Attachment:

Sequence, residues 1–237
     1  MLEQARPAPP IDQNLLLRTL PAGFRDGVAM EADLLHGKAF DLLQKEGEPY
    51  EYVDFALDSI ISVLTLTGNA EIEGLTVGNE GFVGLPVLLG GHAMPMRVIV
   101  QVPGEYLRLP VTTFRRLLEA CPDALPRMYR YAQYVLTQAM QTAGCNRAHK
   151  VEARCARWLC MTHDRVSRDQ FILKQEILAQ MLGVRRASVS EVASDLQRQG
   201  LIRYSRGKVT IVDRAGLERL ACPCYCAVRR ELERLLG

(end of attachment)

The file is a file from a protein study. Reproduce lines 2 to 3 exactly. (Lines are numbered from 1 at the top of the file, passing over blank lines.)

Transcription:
     1  MLEQARPAPP IDQNLLLRTL PAGFRDGVAM EADLLHGKAF DLLQKEGEPY
    51  EYVDFALDSI ISVLTLTGNA EIEGLTVGNE GFVGLPVLLG GHAMPMRVIV